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Manufacturer Shuts 3,400 MW of Capacity as Coal Becomes ‘Litmus Test’ for China’s Carbon Neutral Pledge

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The world’s biggest aluminum and textile producer has shuttered 3,400 MW of coal-fired generating capacity in China’s Shandong province, even as the country weighs the more than US$300 billion in stranded asset risk it could face if it doesn’t begin restricting construction of new coal plants.

Weiqiao Group announced the shutdowns in response to a provincial government directive calling for 3,800 MW of coal closures by the end of this year, Coal Wire reports, citing an alert from BJX News. Federal inspectors determined in 2018 that Weiqiao had built 45 illegal coal units since 2013, but local authorities had taken no action against the company.

The new restrictions in the province that accounts for the largest share of China’s coal capacity could be just the beginning, with researchers warning the country faces ¥2 trillion (US$303.6 billion) in stranded asset risk from new coal plants that would “contradict” President Xi Jinping’s blockbuster pledge to peak greenhouse gas emissions before 2030 and achieve carbon neutrality by 2060, Reuters reports.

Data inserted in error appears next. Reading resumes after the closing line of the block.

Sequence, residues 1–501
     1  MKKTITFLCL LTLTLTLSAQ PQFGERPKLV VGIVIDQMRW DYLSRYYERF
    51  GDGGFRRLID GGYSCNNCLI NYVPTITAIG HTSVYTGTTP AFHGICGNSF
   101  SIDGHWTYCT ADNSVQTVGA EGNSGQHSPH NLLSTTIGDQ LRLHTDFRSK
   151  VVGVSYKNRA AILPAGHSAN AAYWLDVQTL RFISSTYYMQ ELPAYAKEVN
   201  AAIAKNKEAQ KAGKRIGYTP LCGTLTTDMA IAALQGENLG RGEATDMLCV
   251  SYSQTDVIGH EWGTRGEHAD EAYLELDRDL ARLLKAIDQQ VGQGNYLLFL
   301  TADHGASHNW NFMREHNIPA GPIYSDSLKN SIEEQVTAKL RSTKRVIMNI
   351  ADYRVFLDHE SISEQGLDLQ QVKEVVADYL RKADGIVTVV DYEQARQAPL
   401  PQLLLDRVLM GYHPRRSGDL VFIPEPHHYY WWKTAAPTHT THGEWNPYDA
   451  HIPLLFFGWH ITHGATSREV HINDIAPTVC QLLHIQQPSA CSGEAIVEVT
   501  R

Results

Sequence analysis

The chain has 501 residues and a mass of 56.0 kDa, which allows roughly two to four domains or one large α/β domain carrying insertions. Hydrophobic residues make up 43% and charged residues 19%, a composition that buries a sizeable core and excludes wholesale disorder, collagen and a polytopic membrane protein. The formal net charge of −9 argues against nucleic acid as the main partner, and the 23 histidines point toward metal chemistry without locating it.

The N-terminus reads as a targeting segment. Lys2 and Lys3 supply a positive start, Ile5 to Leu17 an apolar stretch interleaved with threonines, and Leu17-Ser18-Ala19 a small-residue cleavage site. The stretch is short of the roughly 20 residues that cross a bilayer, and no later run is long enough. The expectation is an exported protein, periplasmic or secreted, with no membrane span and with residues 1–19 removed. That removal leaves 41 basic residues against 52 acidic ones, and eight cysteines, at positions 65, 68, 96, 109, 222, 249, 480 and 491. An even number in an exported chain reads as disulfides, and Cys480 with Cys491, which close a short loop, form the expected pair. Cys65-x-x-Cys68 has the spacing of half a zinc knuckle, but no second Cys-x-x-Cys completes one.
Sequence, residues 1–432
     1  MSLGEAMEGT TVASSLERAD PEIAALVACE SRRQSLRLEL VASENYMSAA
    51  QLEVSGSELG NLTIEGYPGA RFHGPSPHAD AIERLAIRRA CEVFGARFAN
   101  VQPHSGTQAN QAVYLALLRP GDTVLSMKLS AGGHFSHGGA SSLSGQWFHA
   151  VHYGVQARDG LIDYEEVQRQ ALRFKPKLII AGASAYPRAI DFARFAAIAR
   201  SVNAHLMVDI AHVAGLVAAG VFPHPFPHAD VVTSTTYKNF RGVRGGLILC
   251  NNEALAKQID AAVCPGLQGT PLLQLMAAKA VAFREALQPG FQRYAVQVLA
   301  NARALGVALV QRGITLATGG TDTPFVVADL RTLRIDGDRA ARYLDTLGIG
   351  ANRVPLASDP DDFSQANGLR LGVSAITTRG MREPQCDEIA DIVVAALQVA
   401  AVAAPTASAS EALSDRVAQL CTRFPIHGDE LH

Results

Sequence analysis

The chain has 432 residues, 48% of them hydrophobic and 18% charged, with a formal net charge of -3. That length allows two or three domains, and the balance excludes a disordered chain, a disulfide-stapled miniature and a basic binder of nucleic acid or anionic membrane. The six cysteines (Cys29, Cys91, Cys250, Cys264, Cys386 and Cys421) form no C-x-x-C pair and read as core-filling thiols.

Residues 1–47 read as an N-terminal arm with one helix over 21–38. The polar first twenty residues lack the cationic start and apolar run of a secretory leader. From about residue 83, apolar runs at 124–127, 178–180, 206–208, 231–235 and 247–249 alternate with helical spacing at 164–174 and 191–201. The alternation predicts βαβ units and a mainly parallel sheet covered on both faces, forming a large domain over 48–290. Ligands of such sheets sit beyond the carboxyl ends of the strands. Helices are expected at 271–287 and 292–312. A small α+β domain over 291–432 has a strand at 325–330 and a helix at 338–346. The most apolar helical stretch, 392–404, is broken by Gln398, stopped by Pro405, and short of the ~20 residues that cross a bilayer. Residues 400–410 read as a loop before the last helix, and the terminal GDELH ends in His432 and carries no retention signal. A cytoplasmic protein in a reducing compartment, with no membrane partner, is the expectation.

“Beijing’s willingness to build new coal-fired capacity is a key litmus test that will determine whether the targets can be reached,” the news agency writes, citing the study by Beijing-based Draworld Environment Research Center and the Centre for Research on Energy and Clean Air (CREA) in Helsinki. “China must impose a moratorium on new plants and work to phase out existing ones, with 130 GW already surplus to requirements and ‘optimal’ capacity expected to stand at around 680 GW by 2030.”

“My understanding is that the coal industry is still lobbying for a coal power capacity target for 2025 that would allow for the addition of up to 200 large new coal-fired power plants,” said CREA lead analyst Lauri Myllyvirta. However, “given that half of China’s enormous coal capacity is less than 10 years old, and the equivalent of another 100 large plants are already under construction, there is definitely no need for more if the country wants to avoid massive waste of capital.”

Reuters cites veteran Chinese climate negotiator Xie Zhenhua stating that the country has already restricted project financing for coal, and will continue to do so into the future. “From the fourteenth five-year plan (2021-2025), we will probably start to restrict and ban the further development of coal and coal-fired power plants,” he said.

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Matt Chester's picture
Matt Chester on Dec 1, 2020

Coal in Asia generally is such a challenging hurdle-- will be one of the most important areas to watch over the coming decade 

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